Are falling house prices in London a good thing?
Daniel Hegarty, founder and chief executive of digital mortgage broker Habito, says YES.
Provided it stops at a pricing correction and doesn’t go further, the drop in house prices is good news.
London’s sky-high prices have left the average 34-year-old first-time buyer needing to borrow 13 times their earnings and save £90,000 for a deposit. Before this summer, the average price of a first home had risen by two thirds in just five years, to hit £420,000.
Prices were scorching, and are now cooling down. True, a prolonged or drastic drop would hurt more than help, if developers were to down tools as their profits were squeezed and recent buyers risked slipping into negative equity. But so far that isn’t what we’ve seen, and the overheated market needed a correction.
The biggest falls have been seen at the multi-million pound end of the market, but this needs to trickle down to the less pricey boroughs to help the majority of first-time buyers.
Older homeowners, meanwhile, who have built up a comfortable equity stake would be left largely unaffected by a small fall – and should they need to move, they would also benefit from lower house prices.
Simon Rubinsohn, chief economist of the Royal Institution of Chartered Surveyors (RICS), says NO.
The appeal of lower house prices in London is understandable
following the sharp increases seen in recent years, which have pushed property out of reach for many households. It would be ideal if this simple solution were a way of addressing this problem.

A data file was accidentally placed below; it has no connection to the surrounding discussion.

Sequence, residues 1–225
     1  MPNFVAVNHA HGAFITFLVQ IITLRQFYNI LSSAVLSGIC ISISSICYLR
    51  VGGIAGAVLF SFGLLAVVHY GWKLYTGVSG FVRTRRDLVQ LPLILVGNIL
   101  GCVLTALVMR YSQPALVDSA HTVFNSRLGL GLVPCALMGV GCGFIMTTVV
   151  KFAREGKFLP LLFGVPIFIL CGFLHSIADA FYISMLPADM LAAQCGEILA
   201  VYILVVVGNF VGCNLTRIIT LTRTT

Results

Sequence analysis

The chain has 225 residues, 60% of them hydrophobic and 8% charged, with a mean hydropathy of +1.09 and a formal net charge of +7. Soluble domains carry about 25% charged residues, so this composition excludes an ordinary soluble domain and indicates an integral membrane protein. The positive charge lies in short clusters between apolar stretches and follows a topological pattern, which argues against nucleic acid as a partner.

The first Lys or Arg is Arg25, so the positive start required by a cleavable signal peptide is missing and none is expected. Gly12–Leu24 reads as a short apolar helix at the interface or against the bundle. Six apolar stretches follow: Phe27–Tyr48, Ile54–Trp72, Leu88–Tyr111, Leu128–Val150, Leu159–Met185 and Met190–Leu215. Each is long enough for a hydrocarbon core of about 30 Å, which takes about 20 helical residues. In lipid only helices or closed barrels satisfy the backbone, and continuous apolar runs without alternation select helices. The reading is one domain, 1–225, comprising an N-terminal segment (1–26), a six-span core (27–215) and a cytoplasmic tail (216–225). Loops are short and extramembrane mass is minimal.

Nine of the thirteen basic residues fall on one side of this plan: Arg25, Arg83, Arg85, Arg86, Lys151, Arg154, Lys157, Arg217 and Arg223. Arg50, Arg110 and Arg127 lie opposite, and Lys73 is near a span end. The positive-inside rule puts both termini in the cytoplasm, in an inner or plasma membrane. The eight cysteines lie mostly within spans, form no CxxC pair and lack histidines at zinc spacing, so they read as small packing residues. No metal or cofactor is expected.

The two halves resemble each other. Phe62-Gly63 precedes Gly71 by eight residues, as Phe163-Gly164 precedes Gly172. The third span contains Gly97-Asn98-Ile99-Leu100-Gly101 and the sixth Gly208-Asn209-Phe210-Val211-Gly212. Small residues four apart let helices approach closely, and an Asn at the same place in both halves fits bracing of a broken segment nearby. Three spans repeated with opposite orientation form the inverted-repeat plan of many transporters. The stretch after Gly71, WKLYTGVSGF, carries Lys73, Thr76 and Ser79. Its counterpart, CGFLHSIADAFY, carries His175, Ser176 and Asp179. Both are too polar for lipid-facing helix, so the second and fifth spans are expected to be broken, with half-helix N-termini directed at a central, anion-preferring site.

Unfortunately, a downshift in prices brings its own very real challenges. There is already significant evidence of developers rebalancing their build pipeline away from the capital, reflecting both the pressure on margins and the more hostile tax environment.
And this, critically, also has knock-on consequences for the delivery of more affordable tenures, with reduced community benefit planning obligations (known as S106) inevitable as the viability of schemes is impaired.
Meanwhile, the prospect of a material drop in prices could see lenders adopting a more cautious approach to providing mortgage finance, certainly on the attractive terms currently available.
This is not to say that a renewed uplift in prices in the capital is desirable, but that adjusting to the new reality is not without its problems.